Nicolas Martinez, Simon Hohl, Valentin Moser, Dominic Eichhorn, Tobias Roth, Daniel Matti
(* = Kurzbeitrag)
Die Unterarten der Schafstelze Motacilla flava auf dem Frühjahrs- und Herbstzug in der Schweiz.
(von 1994 bis 2006 vergeben)
Durchzug, Frühjahrszug, Herbstzug, Beringungsstation, Museumssammlungen, Geschlechtsverhältnis, Alter, Unterart
Motacilla flava, Motacilla flava flavissima, Motacilla flava thunbergi, Motacilla flava feldegg, Motacilla flava cinereocapilla, Motacilla flava iberiae, Motacilla flava lutea
Schafstelze, Gelbkopfschafstelze, Thunbergschafstelze, Maskenschafstelze, Aschkopfschafstelze, Iberienschafstelze, Wolgaschafstelze
Nordwestschweiz, Aargau, Basel-Stadt, Basel-Landschaft, Solothurn, Elsass, Baden-Württemberg
The subspecies of the Western Yellow Wagtail Motacilla flava on spring and autumn migration in Switzerland. The Yellow Wagtail is a widespread breeding bird in Europe and Asia. Switzerland harbours a small population of around 500 breeding pairs of the subspecies flava and cinereocapilla. During migration in spring and autumn, the species is much more abundant. Beside the subspecies flava and cinereocapilla, also thunbergi and, more rarely, feldegg and birds with characters of the subspecies flavissima or lutea are recorded during migration.
In spring, subspecies identification of male Yellow Wagtails is often straightforward thanks to differences in the head markings. Nevertheless, there is little published information on subspecies composition and timing during spring migration. Even less is known from the autumn migration, mainly because subspecies identification is more difficult than in spring. However, under good observation conditions, males of several subspecies can be identified.
In order to find out which subspecies migrate through Northwestern Switzerland, we intensively searched for Yellow Wagtail flocks in spring and autumn between 2014 and 2020 and identified all males (416 in spring, 152 in autumn) to subspecies level where possible. In this article, the data are presented and compared with data from other sources, namely the database of the Swiss Ornithological Institute Sempach, the online platforms ornitho.ch, ornitho.at, ornitho.de and faune-alsace.org, the ringing station Col de Bretolet (Canton Valais), and the Swiss Rarity Committee (SRC). In addition, we consulted the records at the Museums of Natural History in Basel and Bern.
The subspecies flava is the most abundant subspecies in spring and autumn, followed in each case by thunbergi. The ratio of individuals of flava : thunbergi in spring lies between 2 : 1 and 3 : 1. However, as migration of thunbergi through Switzerland occurs on average later and more concentrated than in flava, the abundance ratios change during the spring migration: During peak passage of thunbergi in May, this subspecies is more abundant than flava. In autumn, thunbergi is clearly rarer than in spring; the ratio of individuals of flava : thunbergi is about 8 : 1. This difference may be explained by the fact that thunbergi migrates south mainly via the Balkan Peninsula and Greece in autumn, moves from East to Central and West Africa in winter and then returns to Europe via the western Mediterranean region and Italy.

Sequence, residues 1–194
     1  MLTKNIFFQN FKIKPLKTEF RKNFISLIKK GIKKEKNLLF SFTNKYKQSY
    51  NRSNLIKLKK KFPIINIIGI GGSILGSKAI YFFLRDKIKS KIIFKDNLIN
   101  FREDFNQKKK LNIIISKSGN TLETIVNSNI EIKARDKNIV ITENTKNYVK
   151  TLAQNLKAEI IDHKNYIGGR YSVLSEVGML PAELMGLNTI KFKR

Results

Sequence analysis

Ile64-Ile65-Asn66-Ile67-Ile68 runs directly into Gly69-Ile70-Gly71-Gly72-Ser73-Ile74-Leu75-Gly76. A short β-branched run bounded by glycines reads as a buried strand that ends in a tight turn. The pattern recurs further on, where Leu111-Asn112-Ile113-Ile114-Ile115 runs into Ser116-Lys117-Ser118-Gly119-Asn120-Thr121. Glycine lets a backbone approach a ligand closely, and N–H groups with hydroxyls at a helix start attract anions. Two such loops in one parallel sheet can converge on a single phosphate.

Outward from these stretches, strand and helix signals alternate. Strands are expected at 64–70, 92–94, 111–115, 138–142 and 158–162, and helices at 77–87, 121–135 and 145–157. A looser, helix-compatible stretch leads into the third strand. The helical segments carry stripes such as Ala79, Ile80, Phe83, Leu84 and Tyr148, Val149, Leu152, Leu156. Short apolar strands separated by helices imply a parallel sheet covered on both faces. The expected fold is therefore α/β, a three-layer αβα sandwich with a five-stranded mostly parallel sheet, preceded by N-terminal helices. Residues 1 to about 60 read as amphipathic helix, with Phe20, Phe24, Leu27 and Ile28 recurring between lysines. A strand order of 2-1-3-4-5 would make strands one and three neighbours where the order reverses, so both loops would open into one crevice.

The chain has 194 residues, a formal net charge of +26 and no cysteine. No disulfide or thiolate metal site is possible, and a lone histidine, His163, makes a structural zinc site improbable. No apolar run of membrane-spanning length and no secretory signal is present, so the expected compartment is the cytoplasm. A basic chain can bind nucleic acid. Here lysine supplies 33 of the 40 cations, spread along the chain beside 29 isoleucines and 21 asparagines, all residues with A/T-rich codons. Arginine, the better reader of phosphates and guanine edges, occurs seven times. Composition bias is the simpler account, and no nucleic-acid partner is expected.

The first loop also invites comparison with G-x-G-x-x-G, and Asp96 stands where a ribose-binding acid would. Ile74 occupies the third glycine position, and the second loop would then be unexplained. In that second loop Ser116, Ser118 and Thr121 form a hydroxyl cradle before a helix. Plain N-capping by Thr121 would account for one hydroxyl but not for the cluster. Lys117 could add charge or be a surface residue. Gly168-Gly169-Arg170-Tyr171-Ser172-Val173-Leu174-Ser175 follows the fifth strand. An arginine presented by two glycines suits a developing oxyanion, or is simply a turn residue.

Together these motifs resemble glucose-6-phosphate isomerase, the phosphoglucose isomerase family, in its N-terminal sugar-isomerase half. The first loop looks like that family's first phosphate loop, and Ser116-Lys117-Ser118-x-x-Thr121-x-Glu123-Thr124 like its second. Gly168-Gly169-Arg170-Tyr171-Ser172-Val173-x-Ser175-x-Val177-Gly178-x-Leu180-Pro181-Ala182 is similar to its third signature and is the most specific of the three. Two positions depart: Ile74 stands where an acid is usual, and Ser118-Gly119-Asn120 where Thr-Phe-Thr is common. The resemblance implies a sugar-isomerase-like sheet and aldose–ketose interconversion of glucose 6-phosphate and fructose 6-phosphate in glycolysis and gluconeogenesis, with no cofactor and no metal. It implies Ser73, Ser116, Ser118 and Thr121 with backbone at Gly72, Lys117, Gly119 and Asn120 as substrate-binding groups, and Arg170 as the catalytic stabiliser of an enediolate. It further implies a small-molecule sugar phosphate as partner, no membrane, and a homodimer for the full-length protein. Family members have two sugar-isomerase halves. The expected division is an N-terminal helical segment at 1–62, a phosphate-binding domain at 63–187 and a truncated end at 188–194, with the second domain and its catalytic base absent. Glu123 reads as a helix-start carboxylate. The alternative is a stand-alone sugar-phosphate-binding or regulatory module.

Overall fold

Besides flava and thunbergi, the subspecies cinereocapilla also occurs in spring in all parts of Switzerland and it is probably about as common as thunbergi in the southern parts of the country. The subspecies feldegg and flavissima or lutea are clearly much rarer. Since most records of flavissima or lutea occur in the western part of the country, it is likely that most of these birds concern in fact flavissima.
There are no records of feldegg from autumn in Switzerland so far; given the south-eastern distribution of this subspecies, autumn records are anyway not to be expected. On the other hand, the occurrence of feldegg in spring fits well with the theory that birds may overshoot their actual breeding grounds on migration. The situation with flavissima is less clear; five previously accepted autumn records were rejected by the Swiss Rarity Committee in the course of a revision in 2017 because the range of variation in autumn plumage of the subspecies flava has not been sufficiently investigated. We found a total of four wagtails that would phenotypically fulfil the criteria for flavissima or lutea, but according to current knowledge, aberrant flava cannot be excluded with certainty. Switzerland lies only slightly east of the migration route of flavissima. The main reason for the complete lack of autumn records so far is therefore probably not so much the absence of flavissima as its lack of identifiability.
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